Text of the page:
Are Online Surveys Too Good to be True?
Mindfield. Toluna. MySurvey. The moment you begin to enter the maze that is online surveys, you become bombarded with the idea that the whole thing might be just one big scam. There are some people who claim that is the truth. On the other hand, some people swear by online surveys as a way to earn extra cash.
Ultimately, there are logical reasons why the system of online survey taking exists. Research marketing companies are hired by constituencies; they crunch the numbers and ultimately provide a service for large companies and, in turn, provide compensation to the takers of the survey. Granted, in most cases, they are small rewards, but taking surveys is easy to do and should be free to you, the survey taker.
As you can imagine, in rare cases, this may result in scams, such as outright fraudulent websites that take advantage of people trying to make a few extra dollars, or websites that just aren’t worth it, based on the amount of time you spend taking surveys.
But “scam” is a tricky word to use when describing survey taking websites. Oftentimes, these sites are not a scam. Some may force users to jump through hoops at times, they may not be managed well, or they may have confusing rules that ultimately mislead people when using the website. However, there are real, certifiable, survey taking websites out there so that giving the general business of online survey taking the benefit of the doubt is warranted.
Do Your Research
First and foremost, read up on the different websites. You will find early on, that there are a number of them. There are many bulletin boards, blogs, and forums devoted to these websites, parsing out the good from the bad. Oftentimes, however, it isn’t cut and dry. One person posts that their experience with a particular website like Toluna was horrible. Another person posts right afterwards that they have been using it for years and find it worth their time. When possible, read the specific rules or examples of how one site is better or worse than others. When reading reviews, always take note of the time in which a person posted a comment. Some websites may have had tricky practices years ago but have since cleaned up; and vice versa.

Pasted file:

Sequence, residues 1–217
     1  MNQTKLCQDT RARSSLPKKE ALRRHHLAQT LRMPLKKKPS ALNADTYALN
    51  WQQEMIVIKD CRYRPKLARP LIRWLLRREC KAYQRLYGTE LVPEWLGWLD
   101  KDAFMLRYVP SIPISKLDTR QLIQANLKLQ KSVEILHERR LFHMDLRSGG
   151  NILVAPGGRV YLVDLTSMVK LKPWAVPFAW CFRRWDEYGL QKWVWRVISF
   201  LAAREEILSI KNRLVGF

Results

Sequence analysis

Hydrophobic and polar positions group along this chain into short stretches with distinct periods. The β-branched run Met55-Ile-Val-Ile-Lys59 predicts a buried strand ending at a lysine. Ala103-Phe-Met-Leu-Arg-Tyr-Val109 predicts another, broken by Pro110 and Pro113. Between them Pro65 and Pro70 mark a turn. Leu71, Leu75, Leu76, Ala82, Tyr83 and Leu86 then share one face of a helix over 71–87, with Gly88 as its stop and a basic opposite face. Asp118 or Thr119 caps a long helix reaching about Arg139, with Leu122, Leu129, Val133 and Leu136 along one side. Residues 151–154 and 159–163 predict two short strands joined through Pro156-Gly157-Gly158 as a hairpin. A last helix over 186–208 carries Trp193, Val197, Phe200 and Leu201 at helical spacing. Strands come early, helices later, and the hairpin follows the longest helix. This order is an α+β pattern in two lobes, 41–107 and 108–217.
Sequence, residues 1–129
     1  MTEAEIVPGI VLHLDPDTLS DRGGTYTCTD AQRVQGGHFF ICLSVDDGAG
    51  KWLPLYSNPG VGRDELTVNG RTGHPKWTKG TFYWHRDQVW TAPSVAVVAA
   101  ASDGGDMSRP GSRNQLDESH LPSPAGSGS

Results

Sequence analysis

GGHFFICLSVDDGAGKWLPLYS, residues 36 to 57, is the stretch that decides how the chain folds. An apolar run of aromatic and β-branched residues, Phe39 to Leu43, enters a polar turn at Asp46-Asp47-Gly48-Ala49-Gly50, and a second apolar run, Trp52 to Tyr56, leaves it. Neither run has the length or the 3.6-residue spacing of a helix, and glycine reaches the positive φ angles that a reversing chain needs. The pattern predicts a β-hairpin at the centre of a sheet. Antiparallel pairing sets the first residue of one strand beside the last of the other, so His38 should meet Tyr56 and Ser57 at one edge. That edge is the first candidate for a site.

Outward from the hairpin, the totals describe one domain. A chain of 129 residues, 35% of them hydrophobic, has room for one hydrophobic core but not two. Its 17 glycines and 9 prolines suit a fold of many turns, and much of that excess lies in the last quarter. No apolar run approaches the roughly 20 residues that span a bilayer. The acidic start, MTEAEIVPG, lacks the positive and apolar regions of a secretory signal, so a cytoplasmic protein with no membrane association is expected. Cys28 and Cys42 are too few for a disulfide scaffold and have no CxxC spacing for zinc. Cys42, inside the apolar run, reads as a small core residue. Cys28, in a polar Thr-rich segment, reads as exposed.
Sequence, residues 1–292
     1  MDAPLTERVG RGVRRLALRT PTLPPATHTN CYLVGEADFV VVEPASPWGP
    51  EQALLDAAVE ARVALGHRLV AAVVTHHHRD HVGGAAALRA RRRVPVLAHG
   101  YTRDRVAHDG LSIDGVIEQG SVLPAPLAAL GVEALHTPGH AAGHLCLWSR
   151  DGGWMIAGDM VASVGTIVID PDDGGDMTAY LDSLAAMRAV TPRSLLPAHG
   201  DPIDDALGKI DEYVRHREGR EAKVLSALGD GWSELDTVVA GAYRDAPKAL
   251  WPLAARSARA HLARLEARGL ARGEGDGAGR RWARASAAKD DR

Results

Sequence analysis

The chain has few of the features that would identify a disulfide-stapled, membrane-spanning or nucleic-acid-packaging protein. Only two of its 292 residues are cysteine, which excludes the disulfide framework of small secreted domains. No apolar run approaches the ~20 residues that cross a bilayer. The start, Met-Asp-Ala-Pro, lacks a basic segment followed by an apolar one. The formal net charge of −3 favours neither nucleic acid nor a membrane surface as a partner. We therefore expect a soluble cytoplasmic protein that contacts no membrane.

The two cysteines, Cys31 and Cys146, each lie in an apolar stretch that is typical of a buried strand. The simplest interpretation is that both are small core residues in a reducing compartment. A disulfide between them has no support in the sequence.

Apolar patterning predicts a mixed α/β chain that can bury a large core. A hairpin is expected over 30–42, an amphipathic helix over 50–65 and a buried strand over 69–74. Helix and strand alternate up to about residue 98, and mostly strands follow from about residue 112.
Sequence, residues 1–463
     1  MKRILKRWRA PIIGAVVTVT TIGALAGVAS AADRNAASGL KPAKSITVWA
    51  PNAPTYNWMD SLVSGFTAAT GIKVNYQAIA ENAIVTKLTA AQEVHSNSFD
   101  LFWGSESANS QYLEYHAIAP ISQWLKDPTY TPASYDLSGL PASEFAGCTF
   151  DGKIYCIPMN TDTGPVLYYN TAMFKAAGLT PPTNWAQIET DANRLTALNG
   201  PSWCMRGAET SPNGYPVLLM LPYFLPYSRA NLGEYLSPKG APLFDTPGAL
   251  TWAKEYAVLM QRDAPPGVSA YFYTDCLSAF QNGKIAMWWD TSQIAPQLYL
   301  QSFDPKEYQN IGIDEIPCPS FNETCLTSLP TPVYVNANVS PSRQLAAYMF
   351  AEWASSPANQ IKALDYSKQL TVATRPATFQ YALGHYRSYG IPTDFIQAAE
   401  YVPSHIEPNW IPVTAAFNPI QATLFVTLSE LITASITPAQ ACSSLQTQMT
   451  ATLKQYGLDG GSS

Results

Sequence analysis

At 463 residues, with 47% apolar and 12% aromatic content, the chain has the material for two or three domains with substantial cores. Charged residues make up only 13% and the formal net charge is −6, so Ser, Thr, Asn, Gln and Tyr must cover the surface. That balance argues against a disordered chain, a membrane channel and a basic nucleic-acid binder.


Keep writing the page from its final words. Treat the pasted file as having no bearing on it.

Assess Your Time
The very act of venturing into online survey taking implies that your time has a value to it. It’s not hard work, but it is a chunk of your time that you could be spending basking in the summer sun or playing Frisbee with the dog. Or more likely, it could be time you spend making money doing something very different. So, assess how much time you are willing to give to survey taking per day or per week. Then give that much time to it and see how much cash comes out of it. You can always try it out for a while--whatever website you choose--then determine whether it is worth it.
Read the Fine Print
You should never pay an initial membership fee. But beyond that, there are all kinds of unique ways each site may use to compensate people for taking surveys. They may mix in non-paying surveys without warning. They may have “cash out limits” or use some kind of point system that can be overly confusing. They may have tons of surveys that you won’t qualify for, so you may end up spending most of your time answering questions and finding out you don’t qualify. There are enough surveys out there so that if one seems to have too many hoops to jump through, there will be another that seems better suited for you.
One thing to keep in mind is that the internet is wide and vast, and truly fraudulent websites often don’t last long. If you do your research, you should be able to stay clear of the true scams and, if your expectations aren’t too high, you may discover that online survey taking is a pretty good opportunity to make a little money.
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